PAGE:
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Policing placards: Bensonhurst civic leaders call for investigation into complaints against small businesses’ signs

Nothing to see here: Benz Jewelers owner Freddie Benz paid a $6,000 fine and purchased a new sign after an anonymous caller reported his business — and dozens of others in the area — to the city for having placards without a permit.
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The city must investigate a recent rash of complaints alleging that Bensonhurst business owners lack permits for their storefronts’ signage, according to local civic leaders, who said the uptick in such allegations already cost mom-and-pop shopkeepers thousands of dollars in fines.

A probe of the reports filed with the city’s 311 hotline is necessary to ensure greedy agents are not cashing in at the small-business owners’ expense, according to the district manager of Community Board 11.

“They really need to look and make sure that whoever is calling in these sign complaints is not benefitting from a personal gain,” said Marnee Elias-Pavia.

This year, the 311 hotline received some 127 complaints about signs and awnings belonging to businesses within the board’s district, which also includes Bath Beach, Gravesend, and Mapleton — a whopping 113 more than it received about storefronts in the same area last year, according to a letter Elias-Pavia fired off on Dec. 19 to the Mayor’s Office of Operations, which oversees the hotline run by the Department of Information Technology and Telecommunications.

The missive came days after the civic panel voted to pass a resolution demanding the mayoral office “ensure that complaints were not generated for financial gain or theft of government services” at its Dec. 13 general meeting.

The city in 1968 instituted the law requiring a permit to install signs larger than six square feet, to ensure that placards don’t fall off and injure passersby, Department of Buildings spokesman Andrew Rudansky said.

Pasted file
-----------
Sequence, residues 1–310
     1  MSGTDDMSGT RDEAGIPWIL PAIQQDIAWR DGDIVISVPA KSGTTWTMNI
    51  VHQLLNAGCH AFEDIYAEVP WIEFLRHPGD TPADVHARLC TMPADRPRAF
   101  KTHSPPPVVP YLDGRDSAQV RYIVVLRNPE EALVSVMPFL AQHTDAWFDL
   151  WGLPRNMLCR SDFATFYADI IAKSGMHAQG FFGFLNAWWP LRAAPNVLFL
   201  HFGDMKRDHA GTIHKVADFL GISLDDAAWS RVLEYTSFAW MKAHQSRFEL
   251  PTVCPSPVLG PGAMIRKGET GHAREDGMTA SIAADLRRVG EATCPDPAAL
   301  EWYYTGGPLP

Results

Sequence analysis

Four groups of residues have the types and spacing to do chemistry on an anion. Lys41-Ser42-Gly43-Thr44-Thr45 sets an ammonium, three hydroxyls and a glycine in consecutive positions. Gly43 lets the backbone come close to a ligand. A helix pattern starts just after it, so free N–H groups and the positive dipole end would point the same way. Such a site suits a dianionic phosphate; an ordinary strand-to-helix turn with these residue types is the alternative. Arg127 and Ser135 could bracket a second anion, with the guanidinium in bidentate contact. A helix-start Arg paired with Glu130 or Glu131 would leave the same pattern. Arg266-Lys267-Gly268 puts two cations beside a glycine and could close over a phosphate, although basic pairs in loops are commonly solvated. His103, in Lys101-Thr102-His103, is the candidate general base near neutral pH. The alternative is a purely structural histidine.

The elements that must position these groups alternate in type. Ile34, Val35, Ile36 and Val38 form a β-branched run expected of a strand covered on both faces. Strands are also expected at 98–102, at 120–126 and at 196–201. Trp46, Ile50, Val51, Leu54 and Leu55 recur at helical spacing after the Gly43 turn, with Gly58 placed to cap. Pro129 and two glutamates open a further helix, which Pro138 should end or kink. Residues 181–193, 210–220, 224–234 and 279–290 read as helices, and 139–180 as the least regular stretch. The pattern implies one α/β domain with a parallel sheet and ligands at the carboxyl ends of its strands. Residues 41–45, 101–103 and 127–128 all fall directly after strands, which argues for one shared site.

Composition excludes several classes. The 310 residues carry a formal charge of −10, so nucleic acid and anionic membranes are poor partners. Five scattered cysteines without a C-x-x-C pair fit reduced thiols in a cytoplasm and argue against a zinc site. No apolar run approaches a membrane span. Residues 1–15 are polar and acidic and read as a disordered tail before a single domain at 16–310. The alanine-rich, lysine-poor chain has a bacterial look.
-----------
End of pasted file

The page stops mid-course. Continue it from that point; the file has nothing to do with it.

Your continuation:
Fines for installing a sign without a permit can start at $6,000 and can rise up to $15,000, and city inspectors issue them to property owners, not shopkeepers who run businesses targeted in the complaints, according to Rudansky.

But many business owners claim their landlords force them to pay the fines regardless of whom they are issued to.

For instance, the owner of a Bensonhurst jewelry store said his landlord shocked him when he handed the entrepreneur a $6,000 bill for a fine dealt in response to a May 25 complaint about his sign — especially because the placard hung outside his store for more than a decade without anyone making a peep, he said.

“After 15 years, you decide to come now and issue this?” said Freddie Benz, the owner of Benz Jewelers on 86th Street between Bay 25th and Bay 26th streets, who said he had to shell out money for a new sign in addition to footing the bill for the violation.

A spokesman for the city’s Technology Department did not specifically respond to questions about whether or not the agency will investigate the 311 complaints in the wake of CB11’s letter, instead saying hotline operators forward allegations to the appropriate city agencies, and that some — including the Buildings Department — accept anonymous complaints.

That agency allows tipsters to conceal their identities so that complainants can freely report building-related concerns without fear of reprisal from their landlords, Rudansky said.